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Experiencing economic triage for a second time

This article has been updated for the Covid-19 crisis financial environment. It was originally written during the 2008 ongoing recessionary challenge.

Many of you are no strangers to this economic downturn, which is another survival of the fittest challenge.

Readers: this has been some time. How are you handling your finances, worries, health, and mental attitude during this long, isolating, shelter-in-place environment?

Send me a message through the e-mail address at the end of this article. Let me know how you are coping. We can share some of your concerns. Your personal information always kept confidential, any shared information is always neutralised to avoid any identification.

Is this time different? Moneywise certainly thinks so; this time it is your health and your finances at risk.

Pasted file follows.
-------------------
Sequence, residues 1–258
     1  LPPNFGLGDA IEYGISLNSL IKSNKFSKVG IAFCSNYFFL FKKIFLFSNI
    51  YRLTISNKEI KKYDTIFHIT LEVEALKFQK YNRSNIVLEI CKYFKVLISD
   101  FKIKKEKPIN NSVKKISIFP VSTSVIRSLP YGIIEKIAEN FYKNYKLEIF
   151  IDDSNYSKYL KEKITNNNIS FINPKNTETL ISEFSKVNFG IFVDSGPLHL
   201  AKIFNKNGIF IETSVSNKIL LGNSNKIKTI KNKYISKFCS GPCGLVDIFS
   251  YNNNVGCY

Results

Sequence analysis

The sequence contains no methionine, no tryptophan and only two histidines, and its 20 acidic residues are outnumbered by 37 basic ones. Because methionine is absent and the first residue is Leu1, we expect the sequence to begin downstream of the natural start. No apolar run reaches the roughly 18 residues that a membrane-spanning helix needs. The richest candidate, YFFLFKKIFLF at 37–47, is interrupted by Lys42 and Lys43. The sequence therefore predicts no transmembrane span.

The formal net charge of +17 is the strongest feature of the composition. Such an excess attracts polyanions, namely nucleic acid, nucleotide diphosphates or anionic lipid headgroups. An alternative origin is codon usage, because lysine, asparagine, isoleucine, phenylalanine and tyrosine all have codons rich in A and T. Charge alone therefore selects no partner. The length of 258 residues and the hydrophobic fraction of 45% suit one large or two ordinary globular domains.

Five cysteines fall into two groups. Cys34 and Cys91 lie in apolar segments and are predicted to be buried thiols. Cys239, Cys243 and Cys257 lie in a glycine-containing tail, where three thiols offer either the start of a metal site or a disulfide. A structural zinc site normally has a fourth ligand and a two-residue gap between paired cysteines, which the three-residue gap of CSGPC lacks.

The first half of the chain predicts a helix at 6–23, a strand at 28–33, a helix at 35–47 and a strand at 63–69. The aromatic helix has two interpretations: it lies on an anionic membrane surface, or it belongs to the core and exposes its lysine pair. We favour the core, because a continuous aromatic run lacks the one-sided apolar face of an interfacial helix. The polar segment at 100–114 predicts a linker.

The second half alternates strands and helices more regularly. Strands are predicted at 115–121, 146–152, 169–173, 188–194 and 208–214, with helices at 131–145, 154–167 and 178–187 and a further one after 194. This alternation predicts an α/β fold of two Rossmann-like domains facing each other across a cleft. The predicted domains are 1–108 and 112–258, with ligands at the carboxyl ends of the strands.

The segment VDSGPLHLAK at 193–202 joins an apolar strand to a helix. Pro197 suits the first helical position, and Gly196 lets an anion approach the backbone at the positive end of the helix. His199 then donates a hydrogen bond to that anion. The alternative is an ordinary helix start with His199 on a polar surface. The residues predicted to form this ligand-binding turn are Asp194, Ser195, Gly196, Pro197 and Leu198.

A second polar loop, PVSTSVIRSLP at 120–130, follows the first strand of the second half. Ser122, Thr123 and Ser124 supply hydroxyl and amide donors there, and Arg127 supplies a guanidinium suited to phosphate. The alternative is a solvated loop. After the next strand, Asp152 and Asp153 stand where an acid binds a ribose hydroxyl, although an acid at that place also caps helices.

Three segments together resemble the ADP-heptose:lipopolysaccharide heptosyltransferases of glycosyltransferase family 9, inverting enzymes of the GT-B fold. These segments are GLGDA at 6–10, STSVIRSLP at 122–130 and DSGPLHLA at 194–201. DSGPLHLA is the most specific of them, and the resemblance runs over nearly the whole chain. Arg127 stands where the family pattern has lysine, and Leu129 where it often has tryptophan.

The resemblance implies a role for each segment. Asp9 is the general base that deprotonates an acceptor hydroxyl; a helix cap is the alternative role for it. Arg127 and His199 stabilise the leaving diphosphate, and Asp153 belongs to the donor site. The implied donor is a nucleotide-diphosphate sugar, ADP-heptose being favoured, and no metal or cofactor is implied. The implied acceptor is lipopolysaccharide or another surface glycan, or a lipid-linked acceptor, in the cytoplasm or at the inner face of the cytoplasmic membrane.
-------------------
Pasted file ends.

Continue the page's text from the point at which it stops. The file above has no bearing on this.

In 2008, there were warning signs, isolated incidences at first in 2007, then financial retractions gathered steam, eventually into an acknowledged sub-prime downturn as various indicia flashed red.

This time, governments were able to put some mandated impediments to social contact in place to limit communities' health exposures, devastating personal losses, and provide some temporary financial support.

Today, in Bermuda, forced decreased demand in services and products has impacted home values and sales, rental lease terms and occupancies, wages and the possible availability of jobs, tourist and business vitality, and led to sparse retail commerce and thinly trafficked sidewalks. At this moment, little is known of redundancy numbers, or whether guest workers are leaving island.